Looking for recommendations for 1/64 dia endmill for acrylic

Any recommendations on a 1/64 diameter bit for acrylic (extruded high-impact acrylic)
The top color layer (min. depth need to get through is 0.005 in), I have typically gone 0.02 in depth on this. Have used 1/32 bits that have worked well but need some more detail on something.

And will take any speeds and feeds you have found to work well with it

picture of the material I am working with

or you may just tell me that small of a bit is not practical… snap!

Thanks for any insight,

  • John
    Shapeoko 4

Maybe you should try just etching it? Just a thought…

Using an engraving tool like the #501 might be good. Just pretend it’s a 0.01" ball nose.

Otherwise, I’ve used small tools before from Kodiak cutting tools. And at that size, Datron single flute’s are actually pretty cost competitive too. Single Flute End Mills - DATRON CNC Milling Tools

But on a Shapeoko you’ll want to double check your runout to make sure you’re not over-stressing the tools.


I’ll second the #501 recommendation. A tapered cutter will be a lot stronger than a normal 1/64" cutter if you don’t need to go deep enough for the taper to matter.

A drag engraver might work well too.


My Amana 1/64th bit lasted .00001 seconds in soft pine with pretty conservative settings… A pretty disappointing result. I am not sure how much more I should have dialed it down. I second the idea of an engraver or a tapered bit.

That type of acrylic cuts like butter.
I agree with the engraving bit, but I have a Niagara stub length that is only 0.005" in diameter. The cut depth is small, but I use it for engraving aluminum and PCBs. Should have no issue in that stuff. I’ll look for a link.

For a 1/64” cutter, he lived a good life.

We have users that run .01” cutters in a Nomad, and I have no idea how they last at all. In my experience, anything under around .02” is waiting to break if you look at it wrong.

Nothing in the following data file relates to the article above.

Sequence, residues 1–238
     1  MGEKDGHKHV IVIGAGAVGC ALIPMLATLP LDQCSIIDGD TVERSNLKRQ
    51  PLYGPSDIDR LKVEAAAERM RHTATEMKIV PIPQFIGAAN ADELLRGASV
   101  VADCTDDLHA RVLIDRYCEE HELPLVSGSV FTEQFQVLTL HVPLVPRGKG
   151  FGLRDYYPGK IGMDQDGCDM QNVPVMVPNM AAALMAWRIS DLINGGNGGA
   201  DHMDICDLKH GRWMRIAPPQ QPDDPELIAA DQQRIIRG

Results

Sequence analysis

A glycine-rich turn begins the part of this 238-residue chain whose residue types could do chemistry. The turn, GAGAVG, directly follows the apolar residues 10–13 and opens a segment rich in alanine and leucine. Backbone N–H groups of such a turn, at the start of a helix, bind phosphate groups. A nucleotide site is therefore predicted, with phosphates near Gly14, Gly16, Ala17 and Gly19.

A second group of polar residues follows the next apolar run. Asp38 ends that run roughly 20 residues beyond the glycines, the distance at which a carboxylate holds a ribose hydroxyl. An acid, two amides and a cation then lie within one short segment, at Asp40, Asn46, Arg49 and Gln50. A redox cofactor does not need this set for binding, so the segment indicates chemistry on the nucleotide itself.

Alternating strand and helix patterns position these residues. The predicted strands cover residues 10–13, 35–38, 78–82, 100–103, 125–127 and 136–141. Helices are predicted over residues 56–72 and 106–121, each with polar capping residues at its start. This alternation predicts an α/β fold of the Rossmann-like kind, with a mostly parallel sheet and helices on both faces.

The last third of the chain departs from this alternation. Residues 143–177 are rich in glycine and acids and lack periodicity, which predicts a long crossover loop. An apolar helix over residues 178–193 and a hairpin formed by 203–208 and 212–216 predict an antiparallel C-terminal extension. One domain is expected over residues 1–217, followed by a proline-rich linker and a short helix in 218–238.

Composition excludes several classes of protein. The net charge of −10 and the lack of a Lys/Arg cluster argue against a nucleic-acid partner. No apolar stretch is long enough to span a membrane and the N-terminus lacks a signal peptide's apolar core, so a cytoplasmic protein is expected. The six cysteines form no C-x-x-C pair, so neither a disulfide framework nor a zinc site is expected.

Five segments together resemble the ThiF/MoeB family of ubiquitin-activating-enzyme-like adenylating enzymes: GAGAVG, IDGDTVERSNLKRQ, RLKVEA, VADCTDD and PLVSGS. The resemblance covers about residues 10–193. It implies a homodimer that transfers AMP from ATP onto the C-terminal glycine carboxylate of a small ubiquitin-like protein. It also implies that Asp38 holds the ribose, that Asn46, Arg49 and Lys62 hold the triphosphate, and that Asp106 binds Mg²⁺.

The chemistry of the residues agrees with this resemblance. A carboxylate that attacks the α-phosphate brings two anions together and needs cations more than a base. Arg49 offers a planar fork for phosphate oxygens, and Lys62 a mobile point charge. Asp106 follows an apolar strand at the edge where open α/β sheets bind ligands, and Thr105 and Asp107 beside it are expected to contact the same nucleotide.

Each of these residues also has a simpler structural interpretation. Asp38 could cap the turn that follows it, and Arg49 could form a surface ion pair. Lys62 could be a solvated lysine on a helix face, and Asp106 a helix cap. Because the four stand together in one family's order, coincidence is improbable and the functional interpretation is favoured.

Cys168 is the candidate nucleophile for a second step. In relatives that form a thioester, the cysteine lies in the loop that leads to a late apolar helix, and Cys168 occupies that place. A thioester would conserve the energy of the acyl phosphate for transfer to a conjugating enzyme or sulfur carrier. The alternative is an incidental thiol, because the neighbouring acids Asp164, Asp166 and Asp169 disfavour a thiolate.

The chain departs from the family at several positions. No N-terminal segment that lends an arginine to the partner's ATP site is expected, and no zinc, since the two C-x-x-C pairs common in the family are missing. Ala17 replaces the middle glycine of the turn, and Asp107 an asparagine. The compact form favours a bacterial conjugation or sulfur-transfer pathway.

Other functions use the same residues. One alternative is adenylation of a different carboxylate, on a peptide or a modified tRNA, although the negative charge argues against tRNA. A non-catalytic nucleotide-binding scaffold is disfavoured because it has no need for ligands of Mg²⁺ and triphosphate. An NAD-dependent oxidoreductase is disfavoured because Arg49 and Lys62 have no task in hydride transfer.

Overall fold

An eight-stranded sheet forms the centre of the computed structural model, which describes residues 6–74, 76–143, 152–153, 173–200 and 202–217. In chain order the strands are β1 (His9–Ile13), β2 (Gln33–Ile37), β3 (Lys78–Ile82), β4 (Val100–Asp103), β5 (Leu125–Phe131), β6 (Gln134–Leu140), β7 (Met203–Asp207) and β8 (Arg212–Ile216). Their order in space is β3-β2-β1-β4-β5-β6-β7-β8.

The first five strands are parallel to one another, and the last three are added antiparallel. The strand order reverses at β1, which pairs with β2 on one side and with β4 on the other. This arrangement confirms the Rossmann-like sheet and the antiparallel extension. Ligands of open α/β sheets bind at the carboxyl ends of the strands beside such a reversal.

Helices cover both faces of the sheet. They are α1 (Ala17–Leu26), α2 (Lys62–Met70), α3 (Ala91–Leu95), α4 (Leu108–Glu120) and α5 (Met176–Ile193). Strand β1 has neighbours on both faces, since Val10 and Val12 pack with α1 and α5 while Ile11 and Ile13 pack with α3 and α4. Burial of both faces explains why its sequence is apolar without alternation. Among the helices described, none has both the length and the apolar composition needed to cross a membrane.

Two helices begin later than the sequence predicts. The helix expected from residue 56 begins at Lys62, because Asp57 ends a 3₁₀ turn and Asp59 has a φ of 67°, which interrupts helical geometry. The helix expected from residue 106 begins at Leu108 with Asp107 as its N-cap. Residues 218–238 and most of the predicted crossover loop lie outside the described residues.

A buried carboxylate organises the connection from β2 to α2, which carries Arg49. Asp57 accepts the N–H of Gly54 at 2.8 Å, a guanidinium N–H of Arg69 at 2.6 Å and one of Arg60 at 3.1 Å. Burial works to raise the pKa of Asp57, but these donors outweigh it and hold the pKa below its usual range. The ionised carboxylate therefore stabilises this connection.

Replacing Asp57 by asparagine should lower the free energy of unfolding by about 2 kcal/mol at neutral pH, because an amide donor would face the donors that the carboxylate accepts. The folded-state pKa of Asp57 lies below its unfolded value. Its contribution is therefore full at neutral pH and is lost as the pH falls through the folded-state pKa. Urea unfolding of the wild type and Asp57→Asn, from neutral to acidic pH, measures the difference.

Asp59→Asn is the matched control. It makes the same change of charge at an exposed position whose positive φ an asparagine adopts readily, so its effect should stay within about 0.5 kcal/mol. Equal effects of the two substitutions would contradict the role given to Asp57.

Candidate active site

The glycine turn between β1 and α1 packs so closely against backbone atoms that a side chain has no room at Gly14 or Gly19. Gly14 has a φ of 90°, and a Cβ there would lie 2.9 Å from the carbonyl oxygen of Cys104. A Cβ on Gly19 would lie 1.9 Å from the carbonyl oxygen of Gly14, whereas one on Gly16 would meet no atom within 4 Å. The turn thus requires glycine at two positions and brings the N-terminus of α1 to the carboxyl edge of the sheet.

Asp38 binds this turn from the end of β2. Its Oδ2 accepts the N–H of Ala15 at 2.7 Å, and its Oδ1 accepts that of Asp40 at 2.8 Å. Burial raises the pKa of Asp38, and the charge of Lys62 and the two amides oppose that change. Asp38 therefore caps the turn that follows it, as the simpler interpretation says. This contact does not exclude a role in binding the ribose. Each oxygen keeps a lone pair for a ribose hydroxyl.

Just did a similar forum topic on “what did you cut on your Shapeoko today entery # 1963 to 1979, Stephen cox. Cut 120 room number signs for a church. Material was 1.2mm thick and cut away .0055 deep using 1/16 down cut end mill. Ended up running pretty fast. 2500+. I gaged feed rate by the size of the chips that were coming off as it cut. My biggest problem was holding the material flat and keeping up from vibrating in the center. There are pictures in the other form topic that show the end result along with mistakes in a bucket of the product.

See if this is similar to what you’re doing

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You can definitely cut acrylic with 0.0150" bits. I have made a few edge lit acrylic signs / plaques for friends and family, as well as cut aluminum and wood with them - all on a SO3 XXL.

This was a plaque I made for a friend who went to the Superbowl with her dad. All of the engraving was made with an 0.0150" 2 flute bit. Based on the year, this was actually made on my O.G. SO3 [S/N 0054] with floppy Z-axis plate and DeWalt router

These dominoes were done with an 0.0120" bit.

Short video of the domino being engraved.

Here is an aluminum plaque being engraved with an 0.0150" end mill.

Here is a small keychain I cut with an 0.0120" bit in aluminum. This is what I cut when I found out that I had some slop in my X axis. You can really see it in the s in the top left, and the y and m below the rule.

So, 0.0150" is not too small for your SO3. I bought the bits from Drillman1 on ebay. Here is the filtered link for end mills with cutting diameters less than 0.020"

For instance, these 0.0157" bits are only $17.50 for a pack of 5, or $3.50/ea. I usually buy bits 10 at a time and put them in little plastic holders that hold 10.

Depending on what I am cutting I keep my feed in the 10-20 IPM and speed at 24K RPM. For cut depth, it’s 0.005" for aluminum, and no more than 0.01" for plastic or wood. Those are good starting points, and you can increase them until you start snapping bits.


Here is some circuit boards that I cut using .75 mm or .03 inch end mill.

I don’t have a picture of the other side on my phone

They came out well, does a good job. I do buy the multiple pack of bits that really helps.


I got the #501 and it worked out. I ended up using advanced vcarve with the #501 and a 1/32 endmill which worked out (image attached). A couple questions. The #501 was recommended a couple times in the thread :

  • Would there be any difference/advantage with the #501 vs a regular 60 or 20 degree vcarve bit ?
  • The #502 looks to be a sharper taper angle 20 degrees vs 30 for the #501, is there a disadvantage to that vs the #501 ?

Only disadvantage of the 502 is that it’s less durable. The finer tip is more prone to breakage if you get your initial cut depth or settings wrong, 501 is more forgiving. And if your material isn’t perfectly flat, that’s gonna give you issues. In plastic it’s probably not a big deal. Aluminum or brass are where that’s most likely to lead to a damaged tool/broken tip.

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